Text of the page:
“It’s awesome,” McAdoo stated about the team’s high energy play. “I like to play up and down; I like to get up and down; I don’t like to post up as far as in the half court set. So when we’re able to get our defense cooking and were getting turnovers, we’re getting deflections, we’re getting blocked shots, that just really aids my game and you saw how that worked out today where I was able to get out on the fastbreak and get a lot of open shots and open dunks.”
Unlike the two team’s last meeting four days ago when Lithuania got out to a first quarter lead and the Americans spent the rest of the game getting back ahead and holding on to the lead, the U.S. struck quickly and with remarkable energy and precision.
Thanks to five points from Brad Beal (Chaminade College Prep H.S. / St. Louis, Mo.) and four more from McAdoo, the U.S. jumped out into the lead 11-3. With the scoreboard reading 11-6 in the USA’s favor, the Americans turned up the defensive intensity and the result was 10 consecutive points and an overall 21-7 scoring rampage over the opening quarter’s final 4:05 that left the USA fully in charge, 32-13.
At one point during the USA’s full in-your-face dominating play, Lithuania was forced into five consecutive turnovers that the U.S. converted into fastbreak points. For the afternoon, the U.S. recorded 38 points off the break.
“There were times when it seemed like they couldn’t really get into their offense, we were pressing up on them and putting a lot of ball pressure and that definitely helped,” stated McAdoo.
The USA’s energy never subsided and at halftime the U.S. lead stood at 56-31. The lead continued to balloon in the second half and the USA went on to lead by as many as 50 points before sailing in for the 102-66 victory.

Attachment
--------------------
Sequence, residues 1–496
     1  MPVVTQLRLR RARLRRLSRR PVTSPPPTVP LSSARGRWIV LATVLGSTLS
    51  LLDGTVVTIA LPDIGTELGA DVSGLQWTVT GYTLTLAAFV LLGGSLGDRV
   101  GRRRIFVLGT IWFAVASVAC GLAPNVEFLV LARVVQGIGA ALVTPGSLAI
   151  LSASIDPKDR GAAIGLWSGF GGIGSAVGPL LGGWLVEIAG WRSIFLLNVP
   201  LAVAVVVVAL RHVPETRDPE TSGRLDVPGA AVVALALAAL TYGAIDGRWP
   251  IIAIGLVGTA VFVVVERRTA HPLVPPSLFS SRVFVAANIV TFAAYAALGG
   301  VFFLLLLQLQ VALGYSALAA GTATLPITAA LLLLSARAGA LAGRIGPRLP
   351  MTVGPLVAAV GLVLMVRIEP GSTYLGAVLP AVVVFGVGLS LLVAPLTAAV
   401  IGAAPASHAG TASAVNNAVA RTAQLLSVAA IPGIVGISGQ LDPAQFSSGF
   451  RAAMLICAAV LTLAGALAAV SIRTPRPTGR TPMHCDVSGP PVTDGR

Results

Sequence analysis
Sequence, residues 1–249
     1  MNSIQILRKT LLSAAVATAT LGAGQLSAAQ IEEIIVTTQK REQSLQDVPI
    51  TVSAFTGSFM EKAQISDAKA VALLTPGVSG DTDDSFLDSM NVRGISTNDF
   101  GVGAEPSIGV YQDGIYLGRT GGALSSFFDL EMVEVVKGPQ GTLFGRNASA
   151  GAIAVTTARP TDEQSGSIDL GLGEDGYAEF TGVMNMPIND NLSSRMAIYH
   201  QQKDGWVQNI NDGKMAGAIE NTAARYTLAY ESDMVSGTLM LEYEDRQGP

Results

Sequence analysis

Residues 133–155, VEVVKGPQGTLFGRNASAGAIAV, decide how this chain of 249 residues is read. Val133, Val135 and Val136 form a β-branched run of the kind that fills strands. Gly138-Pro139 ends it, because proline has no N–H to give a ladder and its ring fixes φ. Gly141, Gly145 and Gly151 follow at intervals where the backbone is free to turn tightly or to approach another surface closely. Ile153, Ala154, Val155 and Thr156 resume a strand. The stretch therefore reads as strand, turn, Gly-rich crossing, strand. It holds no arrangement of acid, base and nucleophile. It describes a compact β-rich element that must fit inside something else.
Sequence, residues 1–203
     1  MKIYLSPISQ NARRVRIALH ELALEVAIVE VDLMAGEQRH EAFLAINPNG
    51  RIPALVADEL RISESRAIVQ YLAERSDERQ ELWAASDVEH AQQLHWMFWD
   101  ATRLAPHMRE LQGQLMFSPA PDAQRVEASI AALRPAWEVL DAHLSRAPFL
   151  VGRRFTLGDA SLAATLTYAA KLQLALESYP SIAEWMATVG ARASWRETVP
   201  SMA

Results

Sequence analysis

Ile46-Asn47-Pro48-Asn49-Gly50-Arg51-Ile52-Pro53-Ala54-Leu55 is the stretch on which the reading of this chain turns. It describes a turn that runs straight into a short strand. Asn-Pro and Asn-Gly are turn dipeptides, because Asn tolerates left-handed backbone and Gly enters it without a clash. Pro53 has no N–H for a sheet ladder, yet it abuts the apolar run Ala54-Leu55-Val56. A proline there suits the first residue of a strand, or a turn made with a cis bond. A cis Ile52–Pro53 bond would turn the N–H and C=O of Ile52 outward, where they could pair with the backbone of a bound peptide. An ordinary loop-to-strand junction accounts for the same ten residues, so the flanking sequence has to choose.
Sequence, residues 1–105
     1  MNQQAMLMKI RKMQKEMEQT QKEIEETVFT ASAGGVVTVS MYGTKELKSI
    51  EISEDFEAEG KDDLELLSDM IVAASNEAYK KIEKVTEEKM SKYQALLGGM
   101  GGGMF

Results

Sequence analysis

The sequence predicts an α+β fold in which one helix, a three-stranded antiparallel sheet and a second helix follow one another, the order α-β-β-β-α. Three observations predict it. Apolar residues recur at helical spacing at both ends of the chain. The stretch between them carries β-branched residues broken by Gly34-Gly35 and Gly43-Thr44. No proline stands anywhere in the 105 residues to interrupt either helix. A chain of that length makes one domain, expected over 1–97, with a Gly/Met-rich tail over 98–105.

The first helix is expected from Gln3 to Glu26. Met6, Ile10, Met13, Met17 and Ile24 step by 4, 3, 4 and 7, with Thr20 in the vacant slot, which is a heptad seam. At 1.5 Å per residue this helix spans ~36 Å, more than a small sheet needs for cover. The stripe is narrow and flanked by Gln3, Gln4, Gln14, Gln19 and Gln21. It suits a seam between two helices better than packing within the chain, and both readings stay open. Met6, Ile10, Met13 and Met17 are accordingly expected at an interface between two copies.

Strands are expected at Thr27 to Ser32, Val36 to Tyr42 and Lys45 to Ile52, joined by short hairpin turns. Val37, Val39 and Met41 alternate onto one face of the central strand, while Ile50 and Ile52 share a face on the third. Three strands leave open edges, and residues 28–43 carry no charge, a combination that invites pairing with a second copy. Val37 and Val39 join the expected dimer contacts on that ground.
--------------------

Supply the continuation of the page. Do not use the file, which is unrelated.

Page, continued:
McAdoo and Beal led the USA effort with 16 points each, and McAdoo added a U.S. best seven rebounds and three steals. André Drummond (St. Thomas More School / Middletown, Conn.) tallied 10 points and five boards, while Chasson Randle (Rock Island H.S. / Rock Island, Ill.) finished with 10 points on perfect 4-for-4 shooting. Quinn Cook (DeMatha H.S. / Bowie, Md.) accounted for nine points, six rebounds and game high eight assists, and Tony Wroten, Jr. (Garfield H.S. / Seattle, Wash.) contributed nine points in the win.
“Obviously we played pretty well today. Lithuania is a very good team. We had a practice game against them earlier and it was really a close game until a few minutes were left in the game. So we knew they were a good team. Our players were very well prepared mentally for this game. We started out the game with getting some turnovers and with our athletic ability and quickness; we started the game out like we wanted to,” USA U17 World Championship Team and Mid-Prairie High School (Iowa) head coach Don Showalter said. “We started off a little different with our press and I think that started the whole run for us. We have some really quick kids and when they can get their hands on balls, get deflections, that starts a run for us and I think we took them out of their offense a little but by having a full court press.”
Other Saturday results saw Argentina (1-1) handled Egypt (0-2) 98-69, while Canada (1-1) beat Australia (0-2) by a score of 76-68.
Following a day off that fittingly comes on Sunday, July 4, the USA will continue FIBA U17 World Championship preliminary play on July 5 facing China, then plays Egypt on July 6 and closes opening round play against Serbia on July 7. The top four finishing teams from each preliminary round group will advance to the July 9 medal quarterfinals, with semifinals games scheduled for July 10 and the gold and bronze medal games to be contested on July 11.